By Deborah-Bostock Kelley

As we mature, we want to counteract the effects of aging like weight gain and arthritis with proper nutrition, supplements, and exercise. Manís best friend has identical needs. As pets get older, they often move around less. Yet as the saying goes, “age is not a disease.”

Up to 30% of adult cats and dogs are affected by arthritis. Because it is often overlooked, arthritis has been called a silent epidemic. Since our furry friends cannot communicate with us, It may be difficult to tell if your pet is suffering from arthritis. Signs of arthritis in pets include reluctance to walk or jump (e.g. onto a favorite couch, into the car or on your kitchen counter), difficulty doing stairs or playing a favorite game, or trouble getting up. Limping is very common. 

Crying out in pain may be noticed. Some vague signs can also be noticed, such as a lack of appetite and restlessness. In cats, a classic but often ignored sign is a decrease in grooming. The diagnosis of arthritis starts with a thorough physical exam by your family vet. 

Founded by Dr. Farid Saleh and Dr. Langbenh, for over 20 years Ehrlich Animal Hospital & Arthritis Therapy Center has been the place for pet owners to find answers. 

Open seven days per week, with early morning and after work hours, the practice provides compassionate care to dogs, cats, and exotic pets like rabbits, guinea pigs, birds, and reptiles. Services include examinations, hospitalization of sick pets, medical evaluations and workups, boarding, grooming, dentistry, surgery, and arthritis treatment including underwater treadmill therapy, stem cell therapy, laser therapy, medications, and platelet-rich plasma therapy.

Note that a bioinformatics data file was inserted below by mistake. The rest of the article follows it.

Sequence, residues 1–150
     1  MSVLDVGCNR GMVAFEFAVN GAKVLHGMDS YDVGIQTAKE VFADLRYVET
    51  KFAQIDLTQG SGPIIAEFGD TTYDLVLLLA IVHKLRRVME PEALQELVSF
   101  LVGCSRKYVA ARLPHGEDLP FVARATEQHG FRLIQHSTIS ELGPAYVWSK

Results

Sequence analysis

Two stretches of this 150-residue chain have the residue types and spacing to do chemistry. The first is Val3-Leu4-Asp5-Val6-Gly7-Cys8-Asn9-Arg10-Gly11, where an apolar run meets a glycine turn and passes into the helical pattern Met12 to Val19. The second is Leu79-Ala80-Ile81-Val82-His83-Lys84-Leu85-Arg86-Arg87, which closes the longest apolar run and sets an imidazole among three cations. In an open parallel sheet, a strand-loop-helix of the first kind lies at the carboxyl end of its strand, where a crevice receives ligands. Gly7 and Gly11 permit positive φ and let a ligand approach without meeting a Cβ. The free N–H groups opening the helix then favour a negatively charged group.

Dr. Saleh recommends a physical exam twice a year for senior pets to rule out and diagnose any conditions through a full exam, and senior blood work. If arthritis is detected, the center offers many different proven therapies for pets with the disease. 

Therapies include the expected diet and nutritional supplements but in combination with several different modalities. A recent expansion of the facility now allows them to offer four-legged patients physical therapy in an underwater treadmill. The unit is surrounded by glass to make a tank. Water is added to support the body and create a low impact exercise environment by reducing the effect of gravity on decreasing weight bearing up to 50%. This decreases pressure on the dog’s joints and muscle structure. It is extremely safe for unstable animals. It is an ideal therapy for dogs that are suffering from joint disease, recovering from an injury, experiencing a neurologic issue, suffering from arthritis or healing from surgery.

Overweight pets or dogs that are in training for sporting events will find the water treadmill is good for their muscles and ligaments. Hydrotherapy is very good to improve muscular function.

“Our focus is going to be on using the treadmill for pets that have arthritis, overweight issues, and general exercise,” Dr. Saleh explained. “What’s nice about it is, one of our nurses is in a year-long program now to get fully certified for animal rehabilitation. Nurse Shelise Lientz, CVT will be the center’s Certified Canine Rehab Practitioner (CCRP).”

In younger dogs, the treadmill is used to get them back to being strong after an injury. In older pets, its more for chronic long-term problems to make their quality of life better, added Dr. Saleh. Cats can even be taught to be on a treadmill. It’s not common, but other animals have been trained to walk on a water treadmill.